This is Seattle’s fourth championship overall and second in the last three years, previously winning it all in 2004, 2010 and 2018.
It was an unprecedented season for the league, which took place in Bradenton, Florida, in what was deemed the “wubble,” a play on words for the bubble, because of the Covid-19 pandemic. The season was dedicated to Breonna Taylor and the Say Her Name campaign.
“It’s been a really tough but rewarding season,” said Sue Bird, who earns her fourth WNBA championship ring, all with Seattle. “This group, we’re chill. We’re actually kind of made for a wubble. We don’t get too high with stuff, we don’t get too low. I think you saw that off the court with what we stood for, and you saw it on the court with how we played.”
It’s the second WNBA title for forward Breanna Stewart, who missed the 2019 season because of a ruptured Achilles tendon — and it’s the second time she’s been named WNBA Finals MVP, also earning the honor in 2018. The 2020 vote for Stewart garnering the honor was unanimous. Stewart finished Game 3 of this series with 26 points, setting a WNBA record by scoring more than 20 points in six consecutive WNBA Finals games.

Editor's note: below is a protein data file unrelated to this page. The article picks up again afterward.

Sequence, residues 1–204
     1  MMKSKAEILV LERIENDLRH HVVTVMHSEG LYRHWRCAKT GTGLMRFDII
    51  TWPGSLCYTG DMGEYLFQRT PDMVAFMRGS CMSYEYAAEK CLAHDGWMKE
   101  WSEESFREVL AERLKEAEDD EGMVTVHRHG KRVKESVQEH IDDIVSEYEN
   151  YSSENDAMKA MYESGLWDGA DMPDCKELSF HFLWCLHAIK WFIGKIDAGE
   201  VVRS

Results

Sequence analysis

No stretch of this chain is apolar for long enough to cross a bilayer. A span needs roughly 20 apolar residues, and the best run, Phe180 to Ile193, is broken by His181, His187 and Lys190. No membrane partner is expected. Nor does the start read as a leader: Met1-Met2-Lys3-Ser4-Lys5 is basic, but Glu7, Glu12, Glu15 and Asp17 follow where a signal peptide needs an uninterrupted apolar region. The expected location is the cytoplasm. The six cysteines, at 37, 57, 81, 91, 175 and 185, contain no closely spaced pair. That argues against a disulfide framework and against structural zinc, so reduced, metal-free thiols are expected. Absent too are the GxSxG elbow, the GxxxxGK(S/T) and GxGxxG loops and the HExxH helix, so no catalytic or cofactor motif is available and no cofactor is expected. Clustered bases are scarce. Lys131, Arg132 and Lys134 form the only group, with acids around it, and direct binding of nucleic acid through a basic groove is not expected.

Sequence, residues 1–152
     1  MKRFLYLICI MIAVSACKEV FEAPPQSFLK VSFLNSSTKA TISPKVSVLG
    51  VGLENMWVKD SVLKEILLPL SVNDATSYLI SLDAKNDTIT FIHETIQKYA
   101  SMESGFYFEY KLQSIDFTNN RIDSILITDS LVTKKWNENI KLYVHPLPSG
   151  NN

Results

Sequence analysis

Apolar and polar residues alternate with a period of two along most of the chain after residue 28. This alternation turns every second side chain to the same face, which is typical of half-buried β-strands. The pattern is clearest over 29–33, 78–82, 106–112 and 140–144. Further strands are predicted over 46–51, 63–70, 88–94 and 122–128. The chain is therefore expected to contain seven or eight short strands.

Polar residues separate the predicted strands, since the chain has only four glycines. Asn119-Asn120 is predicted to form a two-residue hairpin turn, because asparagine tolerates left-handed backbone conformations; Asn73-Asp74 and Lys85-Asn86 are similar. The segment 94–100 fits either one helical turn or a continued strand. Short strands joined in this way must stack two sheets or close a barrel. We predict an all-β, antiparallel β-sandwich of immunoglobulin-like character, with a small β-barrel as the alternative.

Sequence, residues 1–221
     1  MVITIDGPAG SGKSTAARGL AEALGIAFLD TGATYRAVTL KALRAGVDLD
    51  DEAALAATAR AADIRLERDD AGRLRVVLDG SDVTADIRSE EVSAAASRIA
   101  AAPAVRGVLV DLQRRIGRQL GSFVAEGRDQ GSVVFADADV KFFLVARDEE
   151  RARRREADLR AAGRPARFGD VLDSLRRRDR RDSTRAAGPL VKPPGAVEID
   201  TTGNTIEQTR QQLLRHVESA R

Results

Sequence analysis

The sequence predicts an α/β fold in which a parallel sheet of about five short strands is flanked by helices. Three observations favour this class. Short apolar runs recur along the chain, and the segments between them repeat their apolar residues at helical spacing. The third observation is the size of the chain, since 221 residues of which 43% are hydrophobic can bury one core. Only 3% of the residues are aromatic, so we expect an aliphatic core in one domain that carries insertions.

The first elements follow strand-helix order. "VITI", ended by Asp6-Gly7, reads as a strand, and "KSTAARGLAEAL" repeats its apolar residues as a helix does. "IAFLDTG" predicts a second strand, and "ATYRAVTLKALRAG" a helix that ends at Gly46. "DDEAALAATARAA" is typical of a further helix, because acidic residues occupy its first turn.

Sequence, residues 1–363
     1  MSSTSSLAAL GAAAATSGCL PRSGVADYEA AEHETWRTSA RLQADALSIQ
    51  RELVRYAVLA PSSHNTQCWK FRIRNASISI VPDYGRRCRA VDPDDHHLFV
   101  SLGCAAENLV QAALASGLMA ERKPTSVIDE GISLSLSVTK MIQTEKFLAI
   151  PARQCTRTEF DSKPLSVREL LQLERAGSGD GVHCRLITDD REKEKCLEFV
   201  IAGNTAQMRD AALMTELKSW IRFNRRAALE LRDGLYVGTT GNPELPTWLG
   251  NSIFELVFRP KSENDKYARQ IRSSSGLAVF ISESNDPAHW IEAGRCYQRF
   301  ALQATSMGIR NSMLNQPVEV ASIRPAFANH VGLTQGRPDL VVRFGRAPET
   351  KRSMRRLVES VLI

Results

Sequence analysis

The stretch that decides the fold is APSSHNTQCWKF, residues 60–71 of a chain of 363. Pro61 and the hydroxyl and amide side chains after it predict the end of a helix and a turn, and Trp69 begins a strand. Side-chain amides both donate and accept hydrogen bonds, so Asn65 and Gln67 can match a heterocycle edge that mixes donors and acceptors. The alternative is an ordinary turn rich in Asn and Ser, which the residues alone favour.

When asked on the court what she was proud of, Stewart said, “the resiliency.”
“Obviously, I got hurt in 2019,” Stewart said. “The future was a little unknown for me as far as the comeback. To be able to come back to this group, Seattle, the team, the owners, the entire franchise, everybody supported me and helped me get to this point.”
Bird, who has been in the league since 2002, missed last season recovering from knee surgery. She’ll be 40 years old on October 16.
“I don’t cheat. I don’t cheat the game,” Bird said. “I do what I have to do to be able to play at a high level. You saw it. This is not one person. It’s not even two or three people. Our entire team, that’s why we’re able to succeed.”